Whatever political strains exist, Pakistan is hoping for bigger things to come. As Iqbal said, there could be a “major breakthrough” in relations if Vladimir Putin visits Islamabad in the near future as it would serve as a real opportunity to prove to Pakistani policy-makers that this chance is real.

December 15, 2019 Posted by | Economics | , | 1 Comment

With eye on India, Pakistan strengthens military ties with Iran

By M. K. BHADRAKUMAR | Indian Punchline | November 20, 2019

he low-key coverage by the Pakistani media on the 2-day visit of the army chief General Qamar Bajwa to Iran notwithstanding, the event signifies a surge in the tempo of ‘mil-to-mil’ exchanges between the two countries.

The Iranian side gave the event a distinct political colouring with the Pakistani COAS having meetings with President Hassan Rohani, Foreign Minister Mohammad Javad Zarif and the Secretary of the Supreme National Security Council Ali Shamkhani, apart from  talks with his host, Chief of Staff of the Iranian Armed Forces Major General Mohammad Hossein Baqeri.

Border security and counter-terrorism are key issues for Iran. But Gen. Bajwa’s talks extensively covered regional developments and even dwelt on the two countries’ “coordination on the major issues of the Muslim world”.

The Iranian reports did not make any references to the Kashmir issue or India-Pakistan tensions, but it is inconceivable that Gen. Bajwa sidestepped the topic.

In fact, even as Gen. Bajwa headed for Tehran on Monday, Pakistan conducted a training launch of the surface-to-surface ballistic missile Shaheen-1, a day after India conducted the first night trial of its Agni-II missile.

The Iranian news agency IRNA took note that the launch of Shaheen-1 “aimed at testing operational readiness of Army Strategic Forces Command, ensuring Pakistan’s credible minimum deterrence.”

The Pakistani army spokesman tweeted that Gen. Bajwa discussed with Rouhani the “regional security environment and matters of mutual interest”. According to the Iranian agency IRNA, Gen Bajwa told Rouhani that Pakistan was prepared to strengthen bilateral relations “in all spheres”.

Rouhani in turn hailed Pakistan’s role towards regional peace and called the relations between the two Muslim nations as “an invaluable asset” which should be used to further boost mutual cooperation.

Iranian reports quoted Gen. Bajwa as saying Pakistan and Iran face “common threats and have common interests”, calling for close cooperation and interaction.

An IRNA commentary said, “In recent years, Tehran and Islamabad have witnessed high level exchanges from top military officials and the recent visit of Pakistan Army Chief to Iran demonstrates the commitment of the two sides to consolidate defense ties through active diplomacy.”

The semi-official Fars agency reported that Gen. Bajwa and Gen. Baqeri discussed “different issues ranging from security partnership, regional developments and maintaining stable security at the regional level” and “explored avenues for bolstering and reinvigorating defence relations”.

Notably, Admiral Shamkhani, who reports to Supreme Leader Ali Khamenei, called for “all-out expansion of ties” with Pakistan “in a bid to provide regional security.” Equally, Foreign Minister Zarif and Gen. Bajwa “discussed a broad range of issues, including the political, economic and military relations” between Iran and Pakistan as well as “regional cooperation and the ongoing developments in the region, including the situation in Afghanistan.”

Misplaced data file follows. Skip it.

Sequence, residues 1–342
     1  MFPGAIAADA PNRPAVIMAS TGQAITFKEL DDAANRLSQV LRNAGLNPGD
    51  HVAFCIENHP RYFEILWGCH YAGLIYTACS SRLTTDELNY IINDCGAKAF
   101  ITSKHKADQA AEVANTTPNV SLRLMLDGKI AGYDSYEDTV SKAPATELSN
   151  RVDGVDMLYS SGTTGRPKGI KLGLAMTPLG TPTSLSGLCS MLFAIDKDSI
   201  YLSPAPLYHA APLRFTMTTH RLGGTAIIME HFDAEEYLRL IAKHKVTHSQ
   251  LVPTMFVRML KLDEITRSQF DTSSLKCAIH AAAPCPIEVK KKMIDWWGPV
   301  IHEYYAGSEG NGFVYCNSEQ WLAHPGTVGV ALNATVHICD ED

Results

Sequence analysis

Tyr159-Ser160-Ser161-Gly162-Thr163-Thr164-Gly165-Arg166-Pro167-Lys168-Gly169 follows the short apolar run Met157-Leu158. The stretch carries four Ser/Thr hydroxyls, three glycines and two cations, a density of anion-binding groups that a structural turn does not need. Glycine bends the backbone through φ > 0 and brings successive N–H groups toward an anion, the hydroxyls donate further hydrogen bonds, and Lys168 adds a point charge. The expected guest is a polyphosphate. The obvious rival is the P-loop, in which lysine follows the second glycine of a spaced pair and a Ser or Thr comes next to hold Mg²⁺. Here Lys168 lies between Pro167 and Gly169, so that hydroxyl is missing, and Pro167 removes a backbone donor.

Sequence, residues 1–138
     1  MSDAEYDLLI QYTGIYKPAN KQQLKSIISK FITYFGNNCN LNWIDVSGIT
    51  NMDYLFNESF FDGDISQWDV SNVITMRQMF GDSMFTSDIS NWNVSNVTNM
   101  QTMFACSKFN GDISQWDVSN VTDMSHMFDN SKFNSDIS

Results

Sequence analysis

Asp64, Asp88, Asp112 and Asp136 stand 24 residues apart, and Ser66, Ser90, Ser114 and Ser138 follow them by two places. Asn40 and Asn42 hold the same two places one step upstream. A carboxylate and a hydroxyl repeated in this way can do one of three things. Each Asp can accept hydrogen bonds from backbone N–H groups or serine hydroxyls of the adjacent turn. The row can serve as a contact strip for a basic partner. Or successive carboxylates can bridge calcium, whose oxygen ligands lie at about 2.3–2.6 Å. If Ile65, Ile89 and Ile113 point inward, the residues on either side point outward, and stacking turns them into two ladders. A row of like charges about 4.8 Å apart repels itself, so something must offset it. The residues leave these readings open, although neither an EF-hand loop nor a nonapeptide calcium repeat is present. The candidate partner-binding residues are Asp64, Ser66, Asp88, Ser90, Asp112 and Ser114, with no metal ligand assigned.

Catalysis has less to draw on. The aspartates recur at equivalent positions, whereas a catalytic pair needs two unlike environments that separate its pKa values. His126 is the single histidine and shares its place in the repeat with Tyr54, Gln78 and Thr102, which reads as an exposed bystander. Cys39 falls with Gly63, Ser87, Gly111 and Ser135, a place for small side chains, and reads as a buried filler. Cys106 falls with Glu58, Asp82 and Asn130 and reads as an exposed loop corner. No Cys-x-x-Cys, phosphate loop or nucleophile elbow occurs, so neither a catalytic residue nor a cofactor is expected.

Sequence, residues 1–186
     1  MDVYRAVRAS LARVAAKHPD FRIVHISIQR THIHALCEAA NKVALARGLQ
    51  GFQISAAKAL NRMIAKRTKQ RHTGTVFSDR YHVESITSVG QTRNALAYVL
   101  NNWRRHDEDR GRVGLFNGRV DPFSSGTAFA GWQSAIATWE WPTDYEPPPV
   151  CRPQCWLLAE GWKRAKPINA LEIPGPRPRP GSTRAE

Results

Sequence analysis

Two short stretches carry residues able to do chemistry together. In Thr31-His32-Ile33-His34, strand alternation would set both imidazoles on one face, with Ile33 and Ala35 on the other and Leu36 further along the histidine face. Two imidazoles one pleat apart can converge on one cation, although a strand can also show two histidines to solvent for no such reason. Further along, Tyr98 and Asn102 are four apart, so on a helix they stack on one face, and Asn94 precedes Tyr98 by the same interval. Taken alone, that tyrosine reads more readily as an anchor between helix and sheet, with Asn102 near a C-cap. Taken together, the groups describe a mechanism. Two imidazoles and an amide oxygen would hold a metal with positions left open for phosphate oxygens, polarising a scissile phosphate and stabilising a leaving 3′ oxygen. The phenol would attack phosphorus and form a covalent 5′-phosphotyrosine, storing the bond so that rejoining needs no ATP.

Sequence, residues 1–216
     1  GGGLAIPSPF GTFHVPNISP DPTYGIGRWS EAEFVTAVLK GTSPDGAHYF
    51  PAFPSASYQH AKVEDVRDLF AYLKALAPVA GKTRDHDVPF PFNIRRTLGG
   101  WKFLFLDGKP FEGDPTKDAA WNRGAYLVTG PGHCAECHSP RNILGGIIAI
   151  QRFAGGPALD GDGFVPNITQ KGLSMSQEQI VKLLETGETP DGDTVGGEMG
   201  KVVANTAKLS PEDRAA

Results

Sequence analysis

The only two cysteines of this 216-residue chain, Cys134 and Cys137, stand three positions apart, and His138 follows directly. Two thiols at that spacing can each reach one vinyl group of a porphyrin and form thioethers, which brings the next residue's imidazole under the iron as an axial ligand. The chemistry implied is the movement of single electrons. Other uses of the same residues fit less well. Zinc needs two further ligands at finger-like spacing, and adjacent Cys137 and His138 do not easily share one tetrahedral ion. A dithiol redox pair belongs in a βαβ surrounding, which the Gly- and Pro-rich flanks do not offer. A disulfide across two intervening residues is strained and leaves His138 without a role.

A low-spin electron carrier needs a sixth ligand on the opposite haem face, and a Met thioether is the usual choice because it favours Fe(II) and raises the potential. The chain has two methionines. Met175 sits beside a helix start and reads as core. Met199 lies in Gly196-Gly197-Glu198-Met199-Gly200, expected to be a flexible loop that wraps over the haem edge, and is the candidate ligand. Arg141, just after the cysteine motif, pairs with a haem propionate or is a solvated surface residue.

Without doubt, the Iranian reports uniformly underscored Tehran’s high expectations that a new phase of Iran-Pakistan relations may be commencing.

Gen. Bajwa’s visit tops up an intensification of high-level exchanges between the two countries during the past two-year period since his pathbreaking trip to Iran in 2017, which was the first by a Pakistani COAS in over two decades.

During the 2017 visit, Gen. Bajwa had told Rouhani that Pakistan was determined to expand its ties with Iran in all spheres and hoped that the two neighbours could collaborate for regional peace and security. To be sure, the shifts in the geopolitics of the region acted as catalyst in injecting new verve into the relationship.

Principal among them would be Delhi’s ‘pivot to Saudi Arabia’ in its Gulf strategy, markedly deviating from the traditional course of walking a fine line in the intra-Gulf discords and rivalries from a standpoint of benign neutrality.

Even as US-Iranian tensions began accelerating, the Modi government unceremoniously complied with Washington’s diktat to roll back ties with Iran by terminating all its oil imports from that country. The pusillanimous attitude of the self-styled nationalist leadership in Delhi took Tehran by surprise.

Tehran put its deep disappointment on display once it became apparent that the Modi government retracted even from its commitments at the highest level of leadership to cooperate with Iran on the development of Chabahar Port, which was a key underpinning of regional connectivity and security linked to the stability of Afghanistan. (See my column in Rediff, Why Iran is upset with India.)

The Indian U-turn on Chabahar has come to symbolise the phenomenal shift in Indian regional policies in the direction of harmonising with the US strategy at a critical juncture when Washington’s maximum pressure approach is fuelling tensions in the Gulf and leading to a steady augmentation of the American military deployments in Saudi Arabia that could well be the prelude to confrontation with Iran.

The unkindest cut of all is that Iran’s Sistan-Baluchistan province is also targetted by terrorist groups that are allegedly backed by Saudi Arabia. Tehran senses that the Modi government is inexorably gravitating toward the US-Israeli-Saudi axis, jettisoning India’s traditional independent Gulf policies.